WASHINGTON, DC – U.S. Senator Tammy Baldwin has joined a Senate effort to ensure strong support to test for and help limit the spread of Avian flu. According to the Wisconsin Department of Agriculture, Trade and Consumer Protection, Wisconsin now has 10 total cases of H5 Avian flu as of this week. The Centers for Disease Control has determined that this particular viral strain is a low threat to human health and the food supply.
In a letter to key Senate appropriators, the group of seven Senators urge prioritization of future funding for the National Animal Health Laboratory Network (NAHLN), which coordinates all of the testing to limit the spread of animal diseases, including Avian flu.
“The outbreak and spread of [Avian flu] are having severe economic consequences throughout the industry,” the lawmakers wrote. “Across the U.S., an estimated 52,000 family farms that raise poultry are at risk. NAHLN laboratories have been operating at capacity, performing hundreds of tests daily, seven days a week, in order to quickly identify affected farms and enable animal health officials to contain the virus.”
They concluded, “We respectfully request that full funding for the NAHLN be provided so that timely avian influenza testing is maintained.”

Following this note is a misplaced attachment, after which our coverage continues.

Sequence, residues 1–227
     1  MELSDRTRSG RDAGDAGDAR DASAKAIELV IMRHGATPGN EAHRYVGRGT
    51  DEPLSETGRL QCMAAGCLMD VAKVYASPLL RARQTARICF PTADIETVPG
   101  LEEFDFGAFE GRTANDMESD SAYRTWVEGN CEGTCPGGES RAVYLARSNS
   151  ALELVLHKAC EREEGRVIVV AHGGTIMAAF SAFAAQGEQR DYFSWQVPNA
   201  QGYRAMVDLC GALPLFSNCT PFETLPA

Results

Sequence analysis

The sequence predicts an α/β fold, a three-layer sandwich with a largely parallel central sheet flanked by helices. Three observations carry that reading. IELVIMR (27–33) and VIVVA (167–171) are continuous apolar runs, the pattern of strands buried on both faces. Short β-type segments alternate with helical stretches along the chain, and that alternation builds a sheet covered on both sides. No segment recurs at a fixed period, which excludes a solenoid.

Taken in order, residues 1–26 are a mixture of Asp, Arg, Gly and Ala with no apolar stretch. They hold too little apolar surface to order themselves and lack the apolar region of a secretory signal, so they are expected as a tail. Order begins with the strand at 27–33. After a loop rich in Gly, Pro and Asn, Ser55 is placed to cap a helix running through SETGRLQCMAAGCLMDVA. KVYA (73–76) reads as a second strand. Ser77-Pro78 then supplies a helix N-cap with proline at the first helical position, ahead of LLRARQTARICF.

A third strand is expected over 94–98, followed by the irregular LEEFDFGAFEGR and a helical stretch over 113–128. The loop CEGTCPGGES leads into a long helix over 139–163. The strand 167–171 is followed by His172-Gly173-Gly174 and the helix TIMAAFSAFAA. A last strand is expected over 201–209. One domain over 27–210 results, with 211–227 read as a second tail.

The letter, led by Senator Al Franken (D-MN) was also signed by Senators Amy Klobuchar (D-MN), Kirsten Gillibrand (D-NY), Angus King (I-ME), Bob Casey (D-PA), and Maria Cantwell (D-WA).
On Monday, Senator Baldwin also joined a letter led by Senator Klobuchar to the Appropriations Subcommittee on Agriculture, Rural Development, Food and Drug Administration, and Related Agencies, urging the Subcommittee to prioritize funding in their FY2016 Appropriations bill to address the ongoing outbreak.
Last week, Senator Baldwin sent a letter to Agriculture Secretary Tom Vilsack and Office of Management and Budget Secretary Shaun Donovan asking for their continued efforts to deploy federal resources to contain outbreaks of the virus in poultry, and to assist farmers in responding to contamination in their flocks.